Entrepreneurship and Stepping Into the Arena

Today, May 31, 2016, marks a point of no return in my career. For the last month, I have been test-driving running my own company. There have been plenty of points along the way when I could have turned back, but I didn't. Every step of the way, I've become less and less driven to pursue traditional employment, and more driven to do my own thing. Today marks the point where I either have to turn back and seek traditional employment or commit to the work of being a freelancer.

In all truth, I never really made an official decision to do this, but I think life has a way of transitioning us to the things we're meant for. It may have started when I got laid off eight months ago, or perhaps a month ago at the Young Entrepreneurs Convention with an inspiring conversation with a colleague. After I got laid off, I spent a few months in a state of emotional confusion, and a few more months picking up freelance work and working for a startup. Through those conversations with my colleague and dipping my toes in the entrepreneurial waters for a month, it's clear that starting my own company as a freelance creative is the best fit for me, especially at this point in my life. It's something for which I am excited to get up in the morning, something in which I'm thrilled to invest my time, and it's something that fits me better than anything else I've ever done so far.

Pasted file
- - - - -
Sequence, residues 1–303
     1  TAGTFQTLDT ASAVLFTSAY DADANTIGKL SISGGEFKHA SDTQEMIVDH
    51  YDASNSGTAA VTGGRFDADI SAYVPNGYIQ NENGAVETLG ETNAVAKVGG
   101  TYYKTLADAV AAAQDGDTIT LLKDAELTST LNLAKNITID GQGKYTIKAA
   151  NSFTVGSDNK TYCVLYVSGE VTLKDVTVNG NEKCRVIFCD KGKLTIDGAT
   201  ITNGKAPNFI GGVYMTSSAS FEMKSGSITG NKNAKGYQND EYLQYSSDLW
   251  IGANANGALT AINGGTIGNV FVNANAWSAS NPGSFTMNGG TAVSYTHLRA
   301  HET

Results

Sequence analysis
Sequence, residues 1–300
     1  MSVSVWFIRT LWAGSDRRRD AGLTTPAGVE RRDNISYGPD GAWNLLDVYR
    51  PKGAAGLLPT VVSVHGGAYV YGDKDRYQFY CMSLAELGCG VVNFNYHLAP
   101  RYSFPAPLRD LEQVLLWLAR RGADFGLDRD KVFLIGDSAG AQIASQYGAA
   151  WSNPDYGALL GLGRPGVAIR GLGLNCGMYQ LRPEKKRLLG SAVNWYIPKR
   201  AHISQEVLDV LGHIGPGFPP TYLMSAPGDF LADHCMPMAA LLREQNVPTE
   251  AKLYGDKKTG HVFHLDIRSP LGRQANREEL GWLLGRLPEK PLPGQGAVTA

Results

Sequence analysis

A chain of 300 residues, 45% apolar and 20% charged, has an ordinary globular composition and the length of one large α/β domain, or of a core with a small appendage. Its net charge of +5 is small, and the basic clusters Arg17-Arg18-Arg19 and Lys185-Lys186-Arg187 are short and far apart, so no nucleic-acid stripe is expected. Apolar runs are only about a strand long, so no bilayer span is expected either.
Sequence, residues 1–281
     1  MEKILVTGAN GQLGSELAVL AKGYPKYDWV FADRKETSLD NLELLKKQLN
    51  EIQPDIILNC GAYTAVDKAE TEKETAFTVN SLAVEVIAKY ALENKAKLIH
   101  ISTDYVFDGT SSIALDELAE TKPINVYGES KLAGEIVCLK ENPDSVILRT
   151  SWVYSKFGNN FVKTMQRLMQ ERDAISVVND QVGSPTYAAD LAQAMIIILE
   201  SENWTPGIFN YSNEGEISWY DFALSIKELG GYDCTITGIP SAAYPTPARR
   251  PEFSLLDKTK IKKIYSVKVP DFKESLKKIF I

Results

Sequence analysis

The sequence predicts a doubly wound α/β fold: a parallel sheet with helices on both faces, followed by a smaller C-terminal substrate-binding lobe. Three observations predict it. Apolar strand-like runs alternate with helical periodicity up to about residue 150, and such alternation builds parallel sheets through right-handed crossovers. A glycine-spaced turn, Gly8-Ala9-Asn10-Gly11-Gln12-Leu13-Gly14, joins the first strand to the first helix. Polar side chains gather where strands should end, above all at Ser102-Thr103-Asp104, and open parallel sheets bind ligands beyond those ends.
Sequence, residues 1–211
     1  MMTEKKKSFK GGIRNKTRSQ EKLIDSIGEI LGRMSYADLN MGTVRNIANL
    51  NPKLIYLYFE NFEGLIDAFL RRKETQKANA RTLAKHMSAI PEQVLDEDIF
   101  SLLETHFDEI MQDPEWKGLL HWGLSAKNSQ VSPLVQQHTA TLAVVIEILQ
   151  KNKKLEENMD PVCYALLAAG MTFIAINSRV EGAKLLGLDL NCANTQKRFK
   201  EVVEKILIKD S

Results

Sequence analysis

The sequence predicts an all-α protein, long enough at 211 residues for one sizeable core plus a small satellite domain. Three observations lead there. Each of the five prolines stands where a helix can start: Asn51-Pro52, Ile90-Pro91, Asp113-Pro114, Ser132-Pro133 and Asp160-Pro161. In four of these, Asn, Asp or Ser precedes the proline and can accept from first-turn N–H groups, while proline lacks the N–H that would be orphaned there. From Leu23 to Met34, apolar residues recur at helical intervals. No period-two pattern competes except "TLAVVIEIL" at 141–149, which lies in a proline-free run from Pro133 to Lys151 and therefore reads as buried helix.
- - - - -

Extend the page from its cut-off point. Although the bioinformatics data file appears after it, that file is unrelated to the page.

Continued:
It's not terribly shocking to me that I've arrived at this decision relatively early in my career. When I first started school in 2011 and again in the fall of 2012, it became clear to me that my place as a young professional was in visual communications. Ever since I found out freelancing was an option, I've had an inkling that it was a good fit for me. I have no idea if this is going to pay the bills in five years, and no one really knows that going into such an endeavor. That's what makes it a risk. As my colleague advised me, it's a lot of trial and error. Others who have succeeded have said it's a lot of failure. So far, it seems like entrepreneurship is a lot like backpacking. You hoist your pack on your shoulders and start down the trail, and at a certain point, you have to commit to the hike regardless of what's ahead. As a backpacker, as an entrepreneur, it's up to you to navigate the terrain.

“It is not the critic who counts; not the man who points out how the strong man stumbles, or where the doer of deeds could have done them better. The credit belongs to the man who is actually in the arena, whose face is marred by dust and sweat and blood; who strives valiantly; who errs, who comes short again and again, because there is no effort without error and shortcoming; but who does actually strive to do the deeds; who knows great enthusiasms, the great devotions; who spends himself in a worthy cause; who at the best knows in the end the triumph of high achievement, and who at the worst, if he fails, at least fails while daring greatly, so that his place shall never be with those cold and timid souls who neither know victory nor defeat.”
—Theodore Roosevelt

Brené Brown talks a lot about the Man in the Arena speech. Entrepreneurship requires vulnerability. It requires us to, as Brené puts it, show up and be seen. It requires us to be humble enough to not armor up against our critics, but to reserve them a seat in the arena. Entrepreneurship requires us to accept that the only thing that is certain is that if we choose vulnerability, we will get our ass kicked. So, here's to whatever this becomes. To mistakes and failure, to learning, to deadlines and all-nighters, to face-down moments and vulnerability that yields connection and creativity, to showing up and being seen, to being the woman in the arena.